My phone would be okay for San Jose, but moving outside the LATA (Local Access Transport Area) to San Francisco, required "Roaming" and a higher rate, even though I was using the same carrier.

My telecommunications specialty is primarily in data, not cellular, but my personal experience has been that the network-to-network roaming is a completely different animal than using the same network in a different geographical area.

T-Mobile may have "free digital roaming" which means that as long as there was a digital T-Mobile network around, the roaming is free. They may not have agreements with other carriers to transport the traffic.

Aaaannnnd, what yclipse said.
posted by Ruthless Bunny at 2:32 PM on August 28, 2012


"cingular" is what the available networks menu option displays, despite the merger. I hadn't considered an AT&T burner, that's an intriguing idea.
posted by werkzeuger at 2:32 PM on August 28, 2012


Yeah, AT&T never bothered to remove the Cingular name from its towers, APNs, etc. Until I switched to sprint two years ago, I had a Cingular SIM card in my ATT phone.

Check the roaming settings on your phone; it could be explicitly off. The other thing is that you may just be on the edge of the ATT network, and your GSM phone can't even begin to connect to Verizon or Sprint, which are CDMA networks. (The technical relation between CDMA and GSM is not black and white, but as far as phone interoperability, it might as well be.)

So an AT&T "Go! Phone," which is their burner brand would be an option, and some experimenting with borrowed phones might reveal Sprint/VZW options as well-- it sounds like Cingular is borderline at your location.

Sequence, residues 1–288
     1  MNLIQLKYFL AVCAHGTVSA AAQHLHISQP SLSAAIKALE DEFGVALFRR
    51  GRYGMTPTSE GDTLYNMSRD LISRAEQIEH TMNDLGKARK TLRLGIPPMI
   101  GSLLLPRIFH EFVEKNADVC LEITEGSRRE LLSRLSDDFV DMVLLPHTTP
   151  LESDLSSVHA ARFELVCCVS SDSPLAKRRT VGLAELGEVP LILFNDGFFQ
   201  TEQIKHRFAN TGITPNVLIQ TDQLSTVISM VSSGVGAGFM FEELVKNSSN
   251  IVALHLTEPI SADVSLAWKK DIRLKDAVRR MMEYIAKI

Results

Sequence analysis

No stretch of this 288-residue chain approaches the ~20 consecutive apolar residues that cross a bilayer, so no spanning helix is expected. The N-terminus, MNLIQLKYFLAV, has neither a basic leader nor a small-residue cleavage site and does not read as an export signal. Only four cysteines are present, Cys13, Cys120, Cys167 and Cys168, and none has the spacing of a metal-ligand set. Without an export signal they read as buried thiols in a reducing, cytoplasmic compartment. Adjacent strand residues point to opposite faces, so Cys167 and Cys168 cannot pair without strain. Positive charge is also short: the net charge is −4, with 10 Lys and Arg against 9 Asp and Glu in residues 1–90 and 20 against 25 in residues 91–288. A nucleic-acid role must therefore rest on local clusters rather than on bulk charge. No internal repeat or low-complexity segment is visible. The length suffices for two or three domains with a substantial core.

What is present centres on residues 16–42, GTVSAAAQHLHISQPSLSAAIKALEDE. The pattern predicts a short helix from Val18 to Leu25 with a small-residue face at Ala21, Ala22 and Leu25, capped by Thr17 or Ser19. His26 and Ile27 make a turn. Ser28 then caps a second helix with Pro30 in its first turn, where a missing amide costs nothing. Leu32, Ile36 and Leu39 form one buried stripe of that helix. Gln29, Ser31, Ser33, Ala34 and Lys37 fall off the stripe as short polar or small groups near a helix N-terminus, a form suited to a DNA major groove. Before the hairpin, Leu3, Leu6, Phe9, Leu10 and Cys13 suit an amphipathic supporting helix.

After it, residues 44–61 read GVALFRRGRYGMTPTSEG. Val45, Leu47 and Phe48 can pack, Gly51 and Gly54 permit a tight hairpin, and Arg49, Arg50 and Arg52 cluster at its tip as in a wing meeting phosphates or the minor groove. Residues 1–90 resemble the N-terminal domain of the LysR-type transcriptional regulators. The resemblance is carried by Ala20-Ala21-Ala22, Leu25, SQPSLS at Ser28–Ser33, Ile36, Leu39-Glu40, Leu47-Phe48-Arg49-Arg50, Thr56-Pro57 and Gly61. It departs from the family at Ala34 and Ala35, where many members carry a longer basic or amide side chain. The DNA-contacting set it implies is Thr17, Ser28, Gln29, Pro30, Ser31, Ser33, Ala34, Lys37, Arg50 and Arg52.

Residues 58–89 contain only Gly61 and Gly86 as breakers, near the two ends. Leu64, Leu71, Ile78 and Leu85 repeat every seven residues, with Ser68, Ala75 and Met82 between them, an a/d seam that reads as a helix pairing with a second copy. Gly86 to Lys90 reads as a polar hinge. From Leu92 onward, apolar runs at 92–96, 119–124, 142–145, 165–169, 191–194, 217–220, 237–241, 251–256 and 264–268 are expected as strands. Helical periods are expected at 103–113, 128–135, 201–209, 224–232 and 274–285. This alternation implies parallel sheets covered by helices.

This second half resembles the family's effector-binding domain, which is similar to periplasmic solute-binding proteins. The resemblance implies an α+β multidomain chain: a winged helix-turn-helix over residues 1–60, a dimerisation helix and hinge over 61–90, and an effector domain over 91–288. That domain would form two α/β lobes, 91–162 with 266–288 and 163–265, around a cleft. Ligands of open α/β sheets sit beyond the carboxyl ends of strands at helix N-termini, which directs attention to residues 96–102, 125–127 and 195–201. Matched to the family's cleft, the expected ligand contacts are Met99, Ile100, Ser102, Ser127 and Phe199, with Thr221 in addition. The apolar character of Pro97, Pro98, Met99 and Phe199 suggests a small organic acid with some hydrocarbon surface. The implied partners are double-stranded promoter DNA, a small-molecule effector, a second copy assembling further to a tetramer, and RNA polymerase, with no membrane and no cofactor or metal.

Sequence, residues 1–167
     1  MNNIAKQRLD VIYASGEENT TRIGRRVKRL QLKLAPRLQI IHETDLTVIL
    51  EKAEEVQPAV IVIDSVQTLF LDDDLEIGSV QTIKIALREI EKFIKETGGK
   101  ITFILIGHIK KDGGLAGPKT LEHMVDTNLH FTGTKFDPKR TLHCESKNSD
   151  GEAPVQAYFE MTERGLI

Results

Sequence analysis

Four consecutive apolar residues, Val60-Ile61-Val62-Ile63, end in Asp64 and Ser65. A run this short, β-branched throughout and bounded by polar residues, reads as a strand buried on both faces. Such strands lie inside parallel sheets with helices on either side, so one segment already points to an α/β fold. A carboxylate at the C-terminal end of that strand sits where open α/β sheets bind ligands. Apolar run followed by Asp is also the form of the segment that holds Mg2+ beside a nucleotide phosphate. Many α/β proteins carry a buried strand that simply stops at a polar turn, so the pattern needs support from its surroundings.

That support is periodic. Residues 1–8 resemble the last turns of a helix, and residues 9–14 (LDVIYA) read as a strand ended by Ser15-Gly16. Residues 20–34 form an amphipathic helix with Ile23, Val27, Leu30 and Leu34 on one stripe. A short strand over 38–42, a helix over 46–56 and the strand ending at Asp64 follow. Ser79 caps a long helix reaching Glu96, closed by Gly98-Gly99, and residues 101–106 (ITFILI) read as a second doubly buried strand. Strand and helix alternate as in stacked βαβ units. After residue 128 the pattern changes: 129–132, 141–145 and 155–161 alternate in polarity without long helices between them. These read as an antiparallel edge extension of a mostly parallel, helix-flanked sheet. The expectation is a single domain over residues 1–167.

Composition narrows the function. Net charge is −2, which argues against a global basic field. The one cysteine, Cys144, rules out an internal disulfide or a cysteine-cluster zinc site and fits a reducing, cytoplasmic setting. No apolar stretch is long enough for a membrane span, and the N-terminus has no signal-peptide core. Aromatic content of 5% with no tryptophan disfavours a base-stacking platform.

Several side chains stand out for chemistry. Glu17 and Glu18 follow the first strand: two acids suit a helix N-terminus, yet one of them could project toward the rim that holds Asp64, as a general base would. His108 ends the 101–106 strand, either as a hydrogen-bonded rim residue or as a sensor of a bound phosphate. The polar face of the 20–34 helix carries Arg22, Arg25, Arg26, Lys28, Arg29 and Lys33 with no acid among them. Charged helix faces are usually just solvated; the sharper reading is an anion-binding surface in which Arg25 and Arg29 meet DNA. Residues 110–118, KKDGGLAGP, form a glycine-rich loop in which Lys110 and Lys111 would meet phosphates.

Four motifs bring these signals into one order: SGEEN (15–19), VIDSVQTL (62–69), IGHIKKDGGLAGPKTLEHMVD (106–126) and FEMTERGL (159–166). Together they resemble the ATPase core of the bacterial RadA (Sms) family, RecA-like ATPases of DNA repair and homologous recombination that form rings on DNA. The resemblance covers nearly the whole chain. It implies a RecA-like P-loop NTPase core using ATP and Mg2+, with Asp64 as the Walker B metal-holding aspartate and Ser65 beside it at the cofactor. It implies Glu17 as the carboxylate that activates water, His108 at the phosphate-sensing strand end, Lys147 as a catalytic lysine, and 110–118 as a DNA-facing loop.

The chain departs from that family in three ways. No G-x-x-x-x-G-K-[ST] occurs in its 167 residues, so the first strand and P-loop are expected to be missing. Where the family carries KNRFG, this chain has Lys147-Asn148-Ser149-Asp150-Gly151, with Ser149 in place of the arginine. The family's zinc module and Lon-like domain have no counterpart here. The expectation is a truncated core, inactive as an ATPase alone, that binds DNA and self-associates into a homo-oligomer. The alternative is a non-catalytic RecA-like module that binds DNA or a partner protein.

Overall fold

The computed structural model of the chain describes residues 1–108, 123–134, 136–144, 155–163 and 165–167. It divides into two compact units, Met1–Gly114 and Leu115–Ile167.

Another option is a cellphone amplifier at the property, which would amp the signal of your Go! phone and potentially make your T-Mob phone work....but probably not, since I still think you are using an analog account. Anyway, good luck, and try not to get trapped under anything while alone in Wisconsin.
posted by Sunburnt at 2:36 PM on August 28, 2012


Sunburnt: Analog cellular was shut down in the USA four years ago. T-mobile never had analog cellular in the first place.
posted by adamrice at 2:37 PM on August 28, 2012


Assuming for the moment I'll get a prepaid AT&T phone, will it roam (within network)? In other words do I need to purchase it in Wisconsin or somehow get it assigned a WI area code?
posted by werkzeuger at 3:06 PM on August 28, 2012


Hey, I do this with the burner phone for rural places - I have Virgin Mobile which works fine for me in Massachusetts but it doesn't work well at my family's lake house in Maine so I have an AT&T prepaid phone that I use (well, leave turned off, mostly) when I'm there or other rural places with no VMobile. I bought it in Massachusetts and it has worked just fine in Maine, Vermont, and New Hampshire.
posted by mskyle at 3:12 PM on August 28, 2012


If the property in Wisconsin has internet access and an available WiFi network, you could get a T-Mobile handset that supports WiFi Calling which allows the phone to freely "roam" on any available internet connection.
posted by RonButNotStupid at 3:18 PM on August 28, 2012


The property doesn't even have electricity. It's _really_ rural. I need as lo-tech a solution as possible.

Thanks for all this info, everyone. Sounds like a burner is in my future.
posted by werkzeuger at 4:01 PM on August 28, 2012


Assuming for the moment I'll get a prepaid AT&T phone, will it roam (within network)? In other words do I need to purchase it in Wisconsin or somehow get it assigned a WI area code?

I've never heard of cell phones being tied to anything other than cell companies. In other words, if AT&T is indeed covering your rural property, you can buy an AT&T phone any where and use it on your farm.